Motorcyclists must avoid:
18.104.22.168 Service covers and gully grating
Locating ironwork such that it avoids the wheel tracks of twin-track vehicles or on the outside of bends can inadvertently place them directly on the line used by motorcycles. This sudden change in road surface properties leads to stability problems. It should also be noted that water on service covers freezes faster than water on the surrounding road surface. If the cover cannot be relocated, it should have a surface finish compatible with the skid resistance of the surrounding road.
22.214.171.124 Large areas of road marking
Thermoplastic road marking material should be laid to an acceptable standard of skid resistance and retro-reflectivity. Further, road marking maintenance levels should reflect the fact that values often fall long before the road surface requires maintenance (see below). Large areas of such markings can present a serious safety hazard to motorcyclists. This risk must be balanced against a realistic assessment of any road safety benefits of using large areas of road markings.
This must be kept clear of:
126.96.36.199 Unprotected street furniture
Best practice in street scene management requires auditing of street furniture to assess whether, for example, signs can be rationalised into single assemblies in order to avoid a proliferation of posts. This should be taken a stage further, with signs not presenting a collision hazard for a falling motorcyclist. If it is unavoidable to have street furniture in the ‘clear zone’, every effort should be made to make it as ‘impact friendly’ as possible.
188.8.131.52 Safety barrier products that have only been tested on twin track vehicles
These can represent a serious hazard to a dismounted rider. More investigation is needed into aftermarket collision mitigation measures in locations where there is a higher risk of motorcycle loss of control (Chapter 3).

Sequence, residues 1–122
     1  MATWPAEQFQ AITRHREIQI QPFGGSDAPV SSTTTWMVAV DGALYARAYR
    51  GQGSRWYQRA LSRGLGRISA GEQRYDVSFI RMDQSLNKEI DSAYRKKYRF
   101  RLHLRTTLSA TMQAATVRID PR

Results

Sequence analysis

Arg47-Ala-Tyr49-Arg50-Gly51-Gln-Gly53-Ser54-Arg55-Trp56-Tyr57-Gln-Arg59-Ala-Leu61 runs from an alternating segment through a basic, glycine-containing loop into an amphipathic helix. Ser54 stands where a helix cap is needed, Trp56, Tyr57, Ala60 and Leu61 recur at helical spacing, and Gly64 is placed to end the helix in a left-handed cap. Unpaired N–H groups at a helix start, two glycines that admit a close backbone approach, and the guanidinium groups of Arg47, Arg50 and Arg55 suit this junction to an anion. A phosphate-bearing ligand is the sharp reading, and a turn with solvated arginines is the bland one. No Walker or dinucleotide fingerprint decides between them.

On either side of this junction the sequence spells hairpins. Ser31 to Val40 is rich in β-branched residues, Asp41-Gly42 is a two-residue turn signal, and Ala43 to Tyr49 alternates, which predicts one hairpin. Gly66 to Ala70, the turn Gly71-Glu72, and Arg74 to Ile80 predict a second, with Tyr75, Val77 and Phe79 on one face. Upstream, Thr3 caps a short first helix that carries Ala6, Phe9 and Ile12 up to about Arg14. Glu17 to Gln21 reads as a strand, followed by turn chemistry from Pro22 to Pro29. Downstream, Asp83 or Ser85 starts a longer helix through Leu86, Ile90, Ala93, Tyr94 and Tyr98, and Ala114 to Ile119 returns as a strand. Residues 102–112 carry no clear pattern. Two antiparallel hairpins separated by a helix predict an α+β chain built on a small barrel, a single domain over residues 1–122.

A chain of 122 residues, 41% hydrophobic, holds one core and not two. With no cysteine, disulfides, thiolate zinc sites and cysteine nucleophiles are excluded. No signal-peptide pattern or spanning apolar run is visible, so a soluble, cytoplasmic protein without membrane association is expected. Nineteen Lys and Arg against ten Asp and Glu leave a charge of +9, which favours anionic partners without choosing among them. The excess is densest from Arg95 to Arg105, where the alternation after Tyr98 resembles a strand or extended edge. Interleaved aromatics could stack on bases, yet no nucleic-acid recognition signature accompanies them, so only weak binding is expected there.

This may include:
184.108.40.206 Poor surface tie-in
This problem can mildly irritate a twin-track vehicle driver, but potentially cause a motorcyclist to suffer a sudden shift in balance, lose control and crash. Whenever possible, tie-ins should be perpendicular to the direction of, and across the whole width of, the carriageway and away from bends for which PTWs lean to negotiate.
220.127.116.11 Poorly designed or located traffic calming features
Motorcycles are machines that, to a point, become better balanced with increasing speed. Conversely, travelling at low speed can be more demanding of the rider and machine. Poorly located, designed or maintained traffic calming features can contribute to loss of balance, reduced control or even a crash (see Chapter 3).
18.104.22.168 Areas likely to retain surface detritus
Vehicles tend to push surface detritus, chippings, broken lens glass etc into areas of the road they do not use. Motorcyclists may use these areas because it forms their ‘correct line’ or because heavier traffic has pushed them there. In either case, motorcycles require the road to facilitate grip or braking and areas covered in road detritus facilitate neither (see Chapter 6).
22.214.171.124 Poorly designed drainage
Motorcyclists suffer sooner and more severely when surface water is not dealt with by carriageway drainage systems.
126.96.36.199 Terminating antiskid surfacing on straight sections
Sudden changes in road surface properties on bends or junctions, especially skid resistance, can lead to stability problems as the rider tries to manage the change in dynamics and the response of the motorcycle. The transition between anti-skid surfacing on a bend and the adjacent straight section should therefore be on the straight section prior to the point where the motorcycle leans in order to negotiate the bend. These points are easily ascertained by on site observations of passing motorcycles.
188.8.131.52 Not using road markings or materials too close to bend
In terms of sudden changes in road surface properties, remember that road markings rarely have the same skid resistance value as the surrounding road surface. Markings in areas of the road likely to be used for braking or cornering by motorcyclists can significantly increase the risk of stability problems. Relocation of the markings avoids loss of the general road safety benefit altogether.
184.108.40.206 Using road-marking material which has an acceptable level of skid resistance for the life of the marking
220.127.116.11 Measures to mitigate problems caused by mud or leaves on the road
This should include:
A higher sight line is beneficial for viewing the road ahead and any developing traffic. However, at RSA Stage 2 and Stage 3, it is vital to remember the motorcyclist’s increased eye height. An object may not obstruct a car driver’s view, but can obscure visibility for riders and other traffic with similar eye heights.